Daily deal sites: Beware these five things

Daily deal sites offer substantial discounts on everything from restaurant meals and kids' clothes to car detailing and getaways – if you're careful and read the fine print.

3. Availability can be limited

Al Behrman/AP/File
Chef Paul Kendall, right, demonstrates cooking techniques while Pegg, left, and Dick Bisher look on during a cooking class at a Learning Kitchen in West Chester, Ohio. The Learning Kitchen has used Groupon and Foursquare for mobile marketing.

Let's say a small auto-detailing business in your area offers an 80 percent discount on its service. If the coupon is well received, the shop may get so much response that it can't schedule all the appointments in the necessary time frame. If that's the case, you may be out of luck – unless the vendor extends the window of opportunity. If you find a deal that's particularly attractive or popular, contact the business first for appointment options.

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Dear Reader,

About a year ago, I happened upon this statement about the Monitor in the Harvard Business Review – under the charming heading of “do things that don’t interest you”:

“Many things that end up” being meaningful, writes social scientist Joseph Grenny, “have come from conference workshops, articles, or online videos that began as a chore and ended with an insight. My work in Kenya, for example, was heavily influenced by a Christian Science Monitor article I had forced myself to read 10 years earlier. Sometimes, we call things ‘boring’ simply because they lie outside the box we are currently in.”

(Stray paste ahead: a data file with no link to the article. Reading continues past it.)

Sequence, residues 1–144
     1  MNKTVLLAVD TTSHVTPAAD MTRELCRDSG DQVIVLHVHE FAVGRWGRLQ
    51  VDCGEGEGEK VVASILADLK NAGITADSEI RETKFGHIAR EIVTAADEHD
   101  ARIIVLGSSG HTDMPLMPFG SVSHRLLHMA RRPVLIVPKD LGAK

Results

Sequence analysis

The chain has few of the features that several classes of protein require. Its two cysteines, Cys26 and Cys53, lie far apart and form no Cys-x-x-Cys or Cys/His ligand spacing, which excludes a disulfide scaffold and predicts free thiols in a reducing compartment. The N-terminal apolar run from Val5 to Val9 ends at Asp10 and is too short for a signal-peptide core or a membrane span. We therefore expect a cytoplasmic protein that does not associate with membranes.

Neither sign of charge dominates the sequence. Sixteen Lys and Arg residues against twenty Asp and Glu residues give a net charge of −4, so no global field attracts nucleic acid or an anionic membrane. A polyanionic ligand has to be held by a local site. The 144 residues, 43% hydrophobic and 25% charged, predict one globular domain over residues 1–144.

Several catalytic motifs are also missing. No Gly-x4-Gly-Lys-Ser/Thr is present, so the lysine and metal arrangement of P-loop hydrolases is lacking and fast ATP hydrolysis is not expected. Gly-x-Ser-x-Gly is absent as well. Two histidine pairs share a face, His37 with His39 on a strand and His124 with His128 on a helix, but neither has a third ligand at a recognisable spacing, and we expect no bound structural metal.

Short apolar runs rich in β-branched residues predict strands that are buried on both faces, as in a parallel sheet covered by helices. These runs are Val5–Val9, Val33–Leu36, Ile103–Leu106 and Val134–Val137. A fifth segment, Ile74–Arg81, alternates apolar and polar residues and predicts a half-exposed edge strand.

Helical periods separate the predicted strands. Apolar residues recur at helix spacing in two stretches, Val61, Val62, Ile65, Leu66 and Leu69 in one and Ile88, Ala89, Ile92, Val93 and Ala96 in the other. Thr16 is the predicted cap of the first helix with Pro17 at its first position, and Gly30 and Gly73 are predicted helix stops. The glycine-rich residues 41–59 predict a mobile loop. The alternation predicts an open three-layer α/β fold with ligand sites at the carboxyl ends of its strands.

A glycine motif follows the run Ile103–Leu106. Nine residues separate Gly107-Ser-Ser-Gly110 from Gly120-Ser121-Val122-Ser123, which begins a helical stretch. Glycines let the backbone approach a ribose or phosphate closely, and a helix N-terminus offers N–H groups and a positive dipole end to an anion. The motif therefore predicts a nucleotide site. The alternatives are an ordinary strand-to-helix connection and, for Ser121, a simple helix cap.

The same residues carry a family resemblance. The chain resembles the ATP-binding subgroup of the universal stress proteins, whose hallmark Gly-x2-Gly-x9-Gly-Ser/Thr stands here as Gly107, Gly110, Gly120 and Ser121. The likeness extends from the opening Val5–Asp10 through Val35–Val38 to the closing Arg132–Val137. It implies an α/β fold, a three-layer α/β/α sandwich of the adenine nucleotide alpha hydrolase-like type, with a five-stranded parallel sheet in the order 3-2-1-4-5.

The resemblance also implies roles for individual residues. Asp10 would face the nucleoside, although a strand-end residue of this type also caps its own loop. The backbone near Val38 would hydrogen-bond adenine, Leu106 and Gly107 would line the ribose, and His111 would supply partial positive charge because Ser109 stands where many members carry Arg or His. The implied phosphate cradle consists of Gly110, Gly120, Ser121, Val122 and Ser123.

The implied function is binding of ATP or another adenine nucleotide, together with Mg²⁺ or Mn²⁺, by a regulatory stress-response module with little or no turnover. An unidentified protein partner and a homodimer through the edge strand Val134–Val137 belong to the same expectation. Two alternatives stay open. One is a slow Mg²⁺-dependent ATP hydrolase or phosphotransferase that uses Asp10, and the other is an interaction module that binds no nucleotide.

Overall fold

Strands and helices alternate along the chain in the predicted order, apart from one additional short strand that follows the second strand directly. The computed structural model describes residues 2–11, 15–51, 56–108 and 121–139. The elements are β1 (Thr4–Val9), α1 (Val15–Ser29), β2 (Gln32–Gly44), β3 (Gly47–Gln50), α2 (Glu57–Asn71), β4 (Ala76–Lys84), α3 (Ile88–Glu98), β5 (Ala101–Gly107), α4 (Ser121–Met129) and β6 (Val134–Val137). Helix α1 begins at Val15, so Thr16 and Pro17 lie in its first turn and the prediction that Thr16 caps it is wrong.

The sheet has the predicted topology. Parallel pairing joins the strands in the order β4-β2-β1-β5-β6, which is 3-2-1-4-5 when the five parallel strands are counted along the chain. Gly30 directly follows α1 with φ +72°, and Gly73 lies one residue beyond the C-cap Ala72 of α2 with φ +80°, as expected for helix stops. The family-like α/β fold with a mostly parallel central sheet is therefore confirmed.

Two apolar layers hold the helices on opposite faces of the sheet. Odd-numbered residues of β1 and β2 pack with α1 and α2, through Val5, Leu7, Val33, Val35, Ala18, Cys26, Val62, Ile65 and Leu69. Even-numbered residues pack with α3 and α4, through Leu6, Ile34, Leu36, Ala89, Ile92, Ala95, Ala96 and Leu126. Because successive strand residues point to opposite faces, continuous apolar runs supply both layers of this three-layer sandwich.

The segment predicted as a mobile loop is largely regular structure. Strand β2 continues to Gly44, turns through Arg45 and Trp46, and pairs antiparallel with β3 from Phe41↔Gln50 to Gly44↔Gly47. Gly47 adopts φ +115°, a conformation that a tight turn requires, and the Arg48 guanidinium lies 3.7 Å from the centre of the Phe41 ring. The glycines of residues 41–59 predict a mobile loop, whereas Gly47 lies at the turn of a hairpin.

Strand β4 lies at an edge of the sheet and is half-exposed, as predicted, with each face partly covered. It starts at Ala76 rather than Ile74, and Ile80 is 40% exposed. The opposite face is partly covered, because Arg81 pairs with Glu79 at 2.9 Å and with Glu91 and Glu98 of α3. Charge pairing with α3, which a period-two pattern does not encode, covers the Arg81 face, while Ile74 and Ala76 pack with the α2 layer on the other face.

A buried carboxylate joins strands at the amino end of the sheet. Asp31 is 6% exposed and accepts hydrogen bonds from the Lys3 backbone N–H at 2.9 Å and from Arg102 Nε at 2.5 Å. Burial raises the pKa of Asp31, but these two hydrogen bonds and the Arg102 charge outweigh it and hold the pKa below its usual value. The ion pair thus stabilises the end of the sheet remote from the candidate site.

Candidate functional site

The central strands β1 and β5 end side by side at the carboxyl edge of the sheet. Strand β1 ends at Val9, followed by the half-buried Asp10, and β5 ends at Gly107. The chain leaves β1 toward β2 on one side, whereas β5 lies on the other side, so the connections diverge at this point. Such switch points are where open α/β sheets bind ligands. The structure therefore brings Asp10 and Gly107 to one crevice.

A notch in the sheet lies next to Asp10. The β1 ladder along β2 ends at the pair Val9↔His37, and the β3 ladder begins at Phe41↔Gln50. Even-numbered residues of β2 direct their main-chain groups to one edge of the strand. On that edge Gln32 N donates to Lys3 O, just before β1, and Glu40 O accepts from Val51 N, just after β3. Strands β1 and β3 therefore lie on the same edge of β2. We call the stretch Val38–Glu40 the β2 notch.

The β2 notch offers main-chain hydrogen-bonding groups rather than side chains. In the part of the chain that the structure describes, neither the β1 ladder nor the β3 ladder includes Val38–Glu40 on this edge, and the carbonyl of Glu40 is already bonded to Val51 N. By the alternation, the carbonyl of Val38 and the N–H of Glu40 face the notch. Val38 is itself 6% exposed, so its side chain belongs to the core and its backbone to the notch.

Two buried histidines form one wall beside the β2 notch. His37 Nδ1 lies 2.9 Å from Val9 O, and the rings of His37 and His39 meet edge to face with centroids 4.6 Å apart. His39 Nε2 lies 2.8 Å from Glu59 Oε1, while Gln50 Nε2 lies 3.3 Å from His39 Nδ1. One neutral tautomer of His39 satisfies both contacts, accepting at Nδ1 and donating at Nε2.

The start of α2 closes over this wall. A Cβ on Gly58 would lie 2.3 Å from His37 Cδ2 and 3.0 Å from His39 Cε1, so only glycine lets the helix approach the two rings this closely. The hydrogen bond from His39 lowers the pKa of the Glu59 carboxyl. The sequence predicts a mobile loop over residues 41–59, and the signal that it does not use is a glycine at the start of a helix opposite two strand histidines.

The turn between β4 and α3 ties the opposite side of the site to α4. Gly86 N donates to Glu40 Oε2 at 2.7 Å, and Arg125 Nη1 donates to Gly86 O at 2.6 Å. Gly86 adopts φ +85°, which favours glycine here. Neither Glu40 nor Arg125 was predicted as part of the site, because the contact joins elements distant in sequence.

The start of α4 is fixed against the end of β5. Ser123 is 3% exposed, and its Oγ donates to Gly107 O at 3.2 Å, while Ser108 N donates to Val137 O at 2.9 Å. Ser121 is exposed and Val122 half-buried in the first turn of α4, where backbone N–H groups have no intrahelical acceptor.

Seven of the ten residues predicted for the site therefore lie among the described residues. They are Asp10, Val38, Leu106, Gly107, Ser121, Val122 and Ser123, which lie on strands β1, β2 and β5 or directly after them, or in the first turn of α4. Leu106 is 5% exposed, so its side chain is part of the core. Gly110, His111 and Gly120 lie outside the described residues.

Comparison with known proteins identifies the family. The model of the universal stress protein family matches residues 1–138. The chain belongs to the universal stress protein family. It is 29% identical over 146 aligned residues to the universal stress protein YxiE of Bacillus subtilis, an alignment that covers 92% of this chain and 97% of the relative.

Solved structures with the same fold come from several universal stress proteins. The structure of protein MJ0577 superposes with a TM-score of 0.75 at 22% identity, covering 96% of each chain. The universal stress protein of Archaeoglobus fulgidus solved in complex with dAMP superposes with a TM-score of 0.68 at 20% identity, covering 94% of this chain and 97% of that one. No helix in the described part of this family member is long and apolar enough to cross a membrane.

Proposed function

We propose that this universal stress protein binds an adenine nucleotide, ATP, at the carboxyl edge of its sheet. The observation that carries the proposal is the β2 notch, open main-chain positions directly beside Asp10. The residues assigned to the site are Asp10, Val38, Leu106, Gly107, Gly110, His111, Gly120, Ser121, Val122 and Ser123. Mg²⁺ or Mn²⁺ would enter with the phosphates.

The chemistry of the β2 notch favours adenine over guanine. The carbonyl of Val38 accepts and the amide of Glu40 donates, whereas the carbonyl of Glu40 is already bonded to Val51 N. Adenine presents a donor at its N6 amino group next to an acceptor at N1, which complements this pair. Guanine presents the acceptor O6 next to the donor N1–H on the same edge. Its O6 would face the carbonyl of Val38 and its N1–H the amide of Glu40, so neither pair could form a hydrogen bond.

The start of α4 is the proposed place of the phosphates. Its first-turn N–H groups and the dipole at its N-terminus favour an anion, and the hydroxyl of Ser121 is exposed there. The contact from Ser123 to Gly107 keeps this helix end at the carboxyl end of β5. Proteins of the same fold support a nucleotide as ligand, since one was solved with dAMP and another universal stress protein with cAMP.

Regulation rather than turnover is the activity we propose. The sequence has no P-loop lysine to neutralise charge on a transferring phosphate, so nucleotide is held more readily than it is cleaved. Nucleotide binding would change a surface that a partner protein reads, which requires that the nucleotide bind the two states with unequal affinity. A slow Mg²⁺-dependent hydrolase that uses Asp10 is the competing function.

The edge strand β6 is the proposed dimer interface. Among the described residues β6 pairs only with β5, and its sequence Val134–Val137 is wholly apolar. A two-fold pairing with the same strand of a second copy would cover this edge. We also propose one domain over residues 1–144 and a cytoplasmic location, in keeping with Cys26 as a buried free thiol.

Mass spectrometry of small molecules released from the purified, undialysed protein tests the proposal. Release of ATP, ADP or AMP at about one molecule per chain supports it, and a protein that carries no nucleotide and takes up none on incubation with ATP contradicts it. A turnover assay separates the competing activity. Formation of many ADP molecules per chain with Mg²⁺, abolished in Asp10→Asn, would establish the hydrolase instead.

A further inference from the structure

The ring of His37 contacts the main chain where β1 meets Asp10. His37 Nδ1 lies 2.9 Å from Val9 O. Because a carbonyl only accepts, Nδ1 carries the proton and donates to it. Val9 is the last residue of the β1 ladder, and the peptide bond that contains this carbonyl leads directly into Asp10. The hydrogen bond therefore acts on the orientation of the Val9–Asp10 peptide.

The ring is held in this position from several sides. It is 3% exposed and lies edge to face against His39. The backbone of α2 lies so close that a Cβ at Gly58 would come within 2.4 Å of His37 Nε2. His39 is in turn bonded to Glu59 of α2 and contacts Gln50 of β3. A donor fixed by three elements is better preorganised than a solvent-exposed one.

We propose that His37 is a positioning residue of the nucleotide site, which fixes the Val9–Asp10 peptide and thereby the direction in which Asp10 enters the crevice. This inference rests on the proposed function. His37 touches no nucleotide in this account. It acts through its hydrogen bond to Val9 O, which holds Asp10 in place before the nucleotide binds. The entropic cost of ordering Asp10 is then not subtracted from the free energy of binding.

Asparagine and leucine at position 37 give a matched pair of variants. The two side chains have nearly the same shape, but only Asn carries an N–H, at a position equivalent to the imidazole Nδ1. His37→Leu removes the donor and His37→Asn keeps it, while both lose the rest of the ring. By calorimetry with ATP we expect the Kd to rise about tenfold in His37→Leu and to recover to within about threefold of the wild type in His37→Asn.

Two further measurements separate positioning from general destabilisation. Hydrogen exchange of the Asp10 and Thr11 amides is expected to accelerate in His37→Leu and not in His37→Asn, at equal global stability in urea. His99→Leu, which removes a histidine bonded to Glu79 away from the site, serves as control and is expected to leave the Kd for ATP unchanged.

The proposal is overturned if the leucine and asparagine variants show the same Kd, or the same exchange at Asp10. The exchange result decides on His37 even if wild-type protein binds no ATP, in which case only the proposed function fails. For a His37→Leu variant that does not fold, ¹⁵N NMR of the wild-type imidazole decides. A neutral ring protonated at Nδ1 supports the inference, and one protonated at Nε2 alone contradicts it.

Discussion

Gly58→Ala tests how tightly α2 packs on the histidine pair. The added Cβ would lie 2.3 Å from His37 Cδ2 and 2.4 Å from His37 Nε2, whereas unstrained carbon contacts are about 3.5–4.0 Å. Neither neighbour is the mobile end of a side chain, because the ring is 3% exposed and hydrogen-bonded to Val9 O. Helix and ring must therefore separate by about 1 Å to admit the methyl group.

If you were to come up with a punchline to a joke about the Monitor, that would probably be it. We’re seen as being global, fair, insightful, and perhaps a bit too earnest. We’re the bran muffin of journalism.

But you know what? We change lives. And I’m going to argue that we change lives precisely because we force open that too-small box that most human beings think they live in.

The Monitor is a peculiar little publication that’s hard for the world to figure out. We’re run by a church, but we’re not only for church members and we’re not about converting people. We’re known as being fair even as the world becomes as polarized as at any time since the newspaper’s founding in 1908.

We have a mission beyond circulation, we want to bridge divides. We’re about kicking down the door of thought everywhere and saying, “You are bigger and more capable than you realize. And we can prove it.”

If you’re looking for bran muffin journalism, you can subscribe to the Monitor for $15. You’ll get the Monitor Weekly magazine, the Monitor Daily email, and unlimited access to CSMonitor.com.

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